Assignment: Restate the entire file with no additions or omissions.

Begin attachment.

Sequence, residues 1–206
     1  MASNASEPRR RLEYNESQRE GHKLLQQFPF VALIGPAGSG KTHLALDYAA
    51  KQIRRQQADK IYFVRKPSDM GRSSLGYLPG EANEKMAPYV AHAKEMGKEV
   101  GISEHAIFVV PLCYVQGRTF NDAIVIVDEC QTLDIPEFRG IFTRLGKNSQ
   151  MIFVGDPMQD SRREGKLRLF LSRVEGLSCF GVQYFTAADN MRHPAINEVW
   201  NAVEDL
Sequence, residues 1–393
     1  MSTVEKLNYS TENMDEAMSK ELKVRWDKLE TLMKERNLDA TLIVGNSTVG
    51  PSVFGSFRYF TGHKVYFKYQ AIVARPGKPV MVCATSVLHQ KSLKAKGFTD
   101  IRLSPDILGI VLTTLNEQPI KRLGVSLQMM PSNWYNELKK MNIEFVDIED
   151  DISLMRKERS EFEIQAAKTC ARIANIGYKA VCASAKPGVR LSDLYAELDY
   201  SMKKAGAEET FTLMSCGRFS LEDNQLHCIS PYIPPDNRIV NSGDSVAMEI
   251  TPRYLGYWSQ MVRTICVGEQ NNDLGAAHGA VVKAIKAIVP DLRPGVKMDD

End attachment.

Sequence, residues 1–206
     1  MASNASEPRR RLEYNESQRE GHKLLQQFPF VALIGPAGSG KTHLALDYAA
    51  KQIRRQQADK IYFVRKPSDM GRSSLGYLPG EANEKMAPYV AHAKEMGKEV
   101  GISEHAIFVV PLCYVQGRTF NDAIVIVDEC QTLDIPEFRG IFTRLGKNSQ
   151  MIFVGDPMQD SRREGKLRLF LSRVEGLSCF GVQYFTAADN MRHPAINEVW
   201  NAVEDL
Sequence, residues 1–393
     1  MSTVEKLNYS TENMDEAMSK ELKVRWDKLE TLMKERNLDA TLIVGNSTVG
    51  PSVFGSFRYF TGHKVYFKYQ AIVARPGKPV MVCATSVLHQ KSLKAKGFTD
   101  IRLSPDILGI VLTTLNEQPI KRLGVSLQMM PSNWYNELKK MNIEFVDIED
   151  DISLMRKERS EFEIQAAKTC ARIANIGYKA VCASAKPGVR LSDLYAELDY
   201  SMKKAGAEET FTLMSCGRFS LEDNQLHCIS PYIPPDNRIV NSGDSVAMEI
   251  TPRYLGYWSQ MVRTICVGEQ NNDLGAAHGA VVKAIKAIVP DLRPGVKMDD